When men provide, as they ought, they allow their wives to nourish and raise their children, they allow their children to live in relative comfort, and they allow their communities and nations to benefit from the fruits of that labor: Those children will themselves grow up to be mothers and fathers, they will grow up to be nurturers and providers, they will grow up to be doctors and lawyers and teachers and architects and coal miners and butchers and farmers — and the whole of the nation will benefit from the fruits of even one man’s labor.

Men are called also to be protectors. As German author and World War I veteran Ernst Jünger wisely noted, “Long periods of peace and quiet favor certain optical illusions. Among them is the assumption that the invulnerability of the home is founded upon the constitution and safeguarded by it. In reality, it rests upon the father of the family who, accompanied by his sons, appears with the ax on the threshold of his dwelling.”

When things go bump in the night, it is the role of the man to crawl out of bed, equipped with a flashlight and armed with a shotgun, a baseball bat, an ax, or some such, and go investigate.

When criminals brandish their weapons and begin to pillage and rape, it is the role of men to stand between the criminal and the vulnerable of society, women and children.

When war threatens peace, it is the role of the man to pick up a sword or a rifle and march forth to meet the enemy. When the mob is incited to riot, it is the role of the man to stand on his doorstep to ensure his wife and children and home are kept safe.

These dual responsibilities — provider and protector — have been maligned and ignored, smeared as “toxic masculinity,” as a form of misogyny, as some kind of “inequality.”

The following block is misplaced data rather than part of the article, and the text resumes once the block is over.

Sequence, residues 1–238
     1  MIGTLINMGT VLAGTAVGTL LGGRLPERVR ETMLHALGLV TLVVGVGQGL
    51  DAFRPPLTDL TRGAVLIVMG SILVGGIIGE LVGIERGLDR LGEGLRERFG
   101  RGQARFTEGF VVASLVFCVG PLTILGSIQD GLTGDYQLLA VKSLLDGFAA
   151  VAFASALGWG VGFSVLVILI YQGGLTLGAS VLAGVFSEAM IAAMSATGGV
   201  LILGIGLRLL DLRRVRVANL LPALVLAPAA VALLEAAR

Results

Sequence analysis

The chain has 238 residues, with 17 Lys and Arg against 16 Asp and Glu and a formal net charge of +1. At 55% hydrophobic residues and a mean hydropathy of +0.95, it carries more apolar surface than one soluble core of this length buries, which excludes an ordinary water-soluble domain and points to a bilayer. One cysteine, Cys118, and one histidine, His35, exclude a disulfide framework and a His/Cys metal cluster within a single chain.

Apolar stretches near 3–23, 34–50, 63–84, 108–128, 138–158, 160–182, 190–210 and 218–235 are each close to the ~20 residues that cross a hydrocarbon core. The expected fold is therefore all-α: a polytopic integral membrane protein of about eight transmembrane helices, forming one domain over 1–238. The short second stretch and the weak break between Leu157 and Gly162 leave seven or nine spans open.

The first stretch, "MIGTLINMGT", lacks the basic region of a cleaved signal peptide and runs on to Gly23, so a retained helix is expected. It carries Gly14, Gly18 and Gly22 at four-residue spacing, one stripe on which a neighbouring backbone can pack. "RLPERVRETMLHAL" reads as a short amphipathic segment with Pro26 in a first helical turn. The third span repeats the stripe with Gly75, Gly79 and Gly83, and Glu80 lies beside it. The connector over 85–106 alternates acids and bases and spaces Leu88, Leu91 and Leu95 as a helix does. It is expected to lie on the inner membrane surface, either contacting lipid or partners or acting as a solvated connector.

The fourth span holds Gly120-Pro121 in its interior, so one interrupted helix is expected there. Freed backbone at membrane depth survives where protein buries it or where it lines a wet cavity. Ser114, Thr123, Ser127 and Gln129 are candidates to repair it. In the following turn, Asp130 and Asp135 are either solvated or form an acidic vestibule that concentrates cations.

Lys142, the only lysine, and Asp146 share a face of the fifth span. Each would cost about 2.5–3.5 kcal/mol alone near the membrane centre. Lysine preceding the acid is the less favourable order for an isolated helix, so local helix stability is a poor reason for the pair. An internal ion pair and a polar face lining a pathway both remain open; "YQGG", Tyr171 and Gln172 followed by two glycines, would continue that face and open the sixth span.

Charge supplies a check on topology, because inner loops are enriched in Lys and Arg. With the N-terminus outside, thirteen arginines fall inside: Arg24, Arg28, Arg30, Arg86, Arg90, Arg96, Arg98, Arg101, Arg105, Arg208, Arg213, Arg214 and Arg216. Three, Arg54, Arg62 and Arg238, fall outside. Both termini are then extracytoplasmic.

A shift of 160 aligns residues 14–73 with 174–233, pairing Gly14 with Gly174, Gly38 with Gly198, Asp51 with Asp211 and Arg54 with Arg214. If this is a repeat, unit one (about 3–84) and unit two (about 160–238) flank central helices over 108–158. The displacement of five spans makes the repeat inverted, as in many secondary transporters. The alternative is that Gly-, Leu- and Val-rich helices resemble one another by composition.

But the simple fact is that it is necessary that men fulfill these responsibilities, or else civilization will collapse.

The young men at Chapel Hill recognized this reality. Inspired by patriotism and a love of the good and the beautiful, they did not hesitate to protect their flag.

As lawlessness and animosity embed their roots ever deeper into secular American society, it is increasingly, urgently crucial that men reclaim their responsibilities as providers and protectors.

If order is to be restored to society, it must be at the hands of men, as providers and protectors.

These dual responsibilities — provider and protector — find their perfect union in the person of Christ. Through His earthly ministry, of course, Christ fulfilled the role of provider, feeding starving souls.

But in His passion and death, He united the roles of provider and protector. Through His suffering, by the sweat (and blood) of His brow, Christ provided us with forgiveness of our sins and entrance into eternal life.

He gave His life to protect us from death, the wages of sin (Romans 6:23), so that we might have eternal life. The blood of Christ is the ultimate image of both provider and protector.

If civilization is to continue, if America is to be kept from the precipice of social collapse, men must look to Christ as their inspiration.

Another World War I veteran, the author J.R.R. Tolkien, once wrote to his son of the inspiration which Christ should be for all men: “There you will find romance, glory, honor, fidelity, and the true way of all your loves on earth, and more than that: Death. By the divine paradox, that which ends life, and demands the surrender of all, and yet by the taste — or foretaste — of which alone can what you seek in your earthly relationships (love, faithfulness, joy) be maintained, or take on that complexion of reality, of eternal endurance, which every man’s heart desires.”

In an age of apathy and indifference, of degeneracy and perversion, of sterility and lifelessness, of joylessness and passionlessness, may all men look to Christ and be inspired to romance, glory, honor, fidelity, and, if demanded of them for the sake of virtue, death.

This article appeared originally on The Washington Stand.

This article appeared originally on The Western Journal.